The infotainment experience in ID 4 is clean and simple, showing serious iOS influence with a Home button on the left that you’ll need to press to jump between sections. It’s an easy way to switch, for example, from media to browsing, but it means reaching out to that home button a lot.
And also waiting a lot. When I got my first ID 4 unit last year I was disappointed with the slowness of the software. The optimist in me hoped things would be optimized before the car was shipped. The realist in me now sees that such optimizations have not been made. Scrolling and scrolling are often subject to prolonged and painful delays. If that’s not enough, the speech recognition system is rudimentary at best. As I said, stick to Android Auto or Apple CarPlay, both of which are supported, wirelessly.
It should come as no surprise that most of the car’s controls rely on capacitive touch. The sun visor slider to cover the large, bright panoramic roof is also touch sensitive. The side window controls are still physical, thankfully, but there’s an element of touch here as well. Instead of the driver with four switches, one per window, there are only two. To check the rear windows you need to touch a tiny “rear” indicator. Good luck doing this without taking your eyes off the road.
That panoramic roof offers good headroom, front and back. Those in the rear will find their seats slightly raised, offering a clear and commanding view of the world around them. A pair of USB-C connectors on the back will keep kids from complaining about their own batteries, while there’s a wireless charging bay with multiple USB ports for phones on the front.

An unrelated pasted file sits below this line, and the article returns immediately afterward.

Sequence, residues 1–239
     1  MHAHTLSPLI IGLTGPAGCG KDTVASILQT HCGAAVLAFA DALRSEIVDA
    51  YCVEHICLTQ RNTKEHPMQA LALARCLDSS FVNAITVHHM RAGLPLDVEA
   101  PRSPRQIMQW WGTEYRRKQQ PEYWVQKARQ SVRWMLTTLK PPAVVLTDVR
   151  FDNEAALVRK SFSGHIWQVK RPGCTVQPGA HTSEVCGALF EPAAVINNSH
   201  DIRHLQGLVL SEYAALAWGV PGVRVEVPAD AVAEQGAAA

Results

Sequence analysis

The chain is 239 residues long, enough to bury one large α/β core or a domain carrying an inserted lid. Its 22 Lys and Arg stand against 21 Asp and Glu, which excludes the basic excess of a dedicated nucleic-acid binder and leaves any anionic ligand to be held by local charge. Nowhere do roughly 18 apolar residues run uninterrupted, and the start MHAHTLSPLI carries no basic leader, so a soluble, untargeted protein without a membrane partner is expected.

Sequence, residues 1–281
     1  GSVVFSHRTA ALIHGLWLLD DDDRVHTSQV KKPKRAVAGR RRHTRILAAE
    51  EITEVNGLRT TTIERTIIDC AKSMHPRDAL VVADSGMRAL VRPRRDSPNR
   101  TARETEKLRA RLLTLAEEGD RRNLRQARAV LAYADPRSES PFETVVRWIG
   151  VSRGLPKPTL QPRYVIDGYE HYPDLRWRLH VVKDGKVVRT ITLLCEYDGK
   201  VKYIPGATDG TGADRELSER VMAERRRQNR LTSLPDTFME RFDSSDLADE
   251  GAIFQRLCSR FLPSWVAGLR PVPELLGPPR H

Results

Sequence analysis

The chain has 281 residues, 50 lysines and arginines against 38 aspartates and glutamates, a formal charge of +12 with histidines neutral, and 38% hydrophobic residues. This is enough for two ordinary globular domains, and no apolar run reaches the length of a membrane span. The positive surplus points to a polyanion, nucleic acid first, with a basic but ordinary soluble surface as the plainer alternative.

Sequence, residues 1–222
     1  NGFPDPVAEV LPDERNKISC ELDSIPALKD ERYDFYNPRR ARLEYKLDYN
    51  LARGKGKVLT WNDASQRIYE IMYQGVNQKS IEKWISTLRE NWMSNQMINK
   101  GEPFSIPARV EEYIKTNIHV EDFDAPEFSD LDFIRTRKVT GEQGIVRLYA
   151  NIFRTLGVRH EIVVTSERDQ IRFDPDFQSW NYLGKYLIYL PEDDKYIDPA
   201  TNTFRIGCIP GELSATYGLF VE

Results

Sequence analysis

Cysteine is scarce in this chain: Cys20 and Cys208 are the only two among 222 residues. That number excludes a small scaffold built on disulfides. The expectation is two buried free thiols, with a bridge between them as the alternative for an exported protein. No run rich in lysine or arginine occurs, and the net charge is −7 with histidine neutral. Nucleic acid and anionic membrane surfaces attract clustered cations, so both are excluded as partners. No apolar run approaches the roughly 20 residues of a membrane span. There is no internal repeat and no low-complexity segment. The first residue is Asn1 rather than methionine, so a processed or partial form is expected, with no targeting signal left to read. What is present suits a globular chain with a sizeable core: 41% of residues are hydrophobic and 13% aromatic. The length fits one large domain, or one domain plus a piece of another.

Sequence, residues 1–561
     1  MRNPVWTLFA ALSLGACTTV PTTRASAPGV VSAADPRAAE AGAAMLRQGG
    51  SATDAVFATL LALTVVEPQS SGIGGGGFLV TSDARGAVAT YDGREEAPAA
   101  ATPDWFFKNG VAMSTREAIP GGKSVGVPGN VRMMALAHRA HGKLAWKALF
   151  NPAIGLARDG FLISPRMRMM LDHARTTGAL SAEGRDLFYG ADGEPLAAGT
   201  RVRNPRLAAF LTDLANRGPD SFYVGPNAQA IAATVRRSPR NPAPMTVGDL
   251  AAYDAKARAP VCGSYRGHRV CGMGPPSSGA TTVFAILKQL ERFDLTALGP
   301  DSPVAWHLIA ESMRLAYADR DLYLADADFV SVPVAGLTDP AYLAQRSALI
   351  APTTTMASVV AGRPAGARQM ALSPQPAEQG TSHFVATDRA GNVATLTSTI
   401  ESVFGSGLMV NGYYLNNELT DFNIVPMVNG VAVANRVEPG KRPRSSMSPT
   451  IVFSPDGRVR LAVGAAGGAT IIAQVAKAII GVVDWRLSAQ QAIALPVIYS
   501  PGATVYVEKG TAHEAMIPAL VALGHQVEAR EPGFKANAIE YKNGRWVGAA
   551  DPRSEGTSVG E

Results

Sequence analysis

All are protected by a comprehensive active safety suite, with subtleties such as automatic emergency braking with pedestrian detection, blind spot monitoring, rear traffic alert, and even traffic sign detection. Anything that is also included in Base ID 4.
That basic edition, called Pro, starts at $ 41,190 including a $ 1,195 destination fee. The first edition you see here is no longer available, meaning your only options are Pro or the $ 45,790 Pro S, which adds many of the features you see here, including the panoramic roof, electric massage seats, and an upgrade to a 12 inch navigation screen. Another $ 1,500 gets you to the Gradient trim, layering on those 20-inch wheels, and a few more visual touches. The eventual AWD upgrade will cost an additional $ 3,680, and aside from the floor mats and the usual wave of accessories, there really aren’t any extra boxes to tick.
How does it compare to other electric vehicles on the market today? The closest Tesla is the, which starts at $ 52,190 including a $ 1,200 destination fee. For this you get more range, 326 miles for the EPA and also faster performance. But the inside of the ID 4 is miles better and, well, I’ll let you know if you have multiple Tesla or VW service centers nearby. There’s also the not insignificant $ 7,500 federal discount, applicable to VW but not Tesla, meaning ID 4 could go for over $ 10,000 less.
The newit’s another EV that many will cross-shop, and for good reason. It is based on the proven Bolt platform, offering a little more space and a fresh style. There is no EPA-rated range yet, but GM’s engineers say they expect around 250 miles. A FWD Premier Bolt EUV has an MSRP of $ 43,925 including a $ 995 destination charge. This puts it within spitting distance of ID 4.
So, the ID 4 is competitively priced and nice to drive, with enough range to defeat anxiety and a cool interior that made me smile. What didn’t make me smile? I have to admit I’ve never fallen in love with that thing. After the gonzoand the , ID 4 seems more than simple.
But you know what? All right. Not every electric vehicle has to make a statement, and that exudes a quiet confidence. Volkswagen ID 4 is better than a good car, it’s great, it just won– and definitely a sign of even better electric vehicles coming from VW.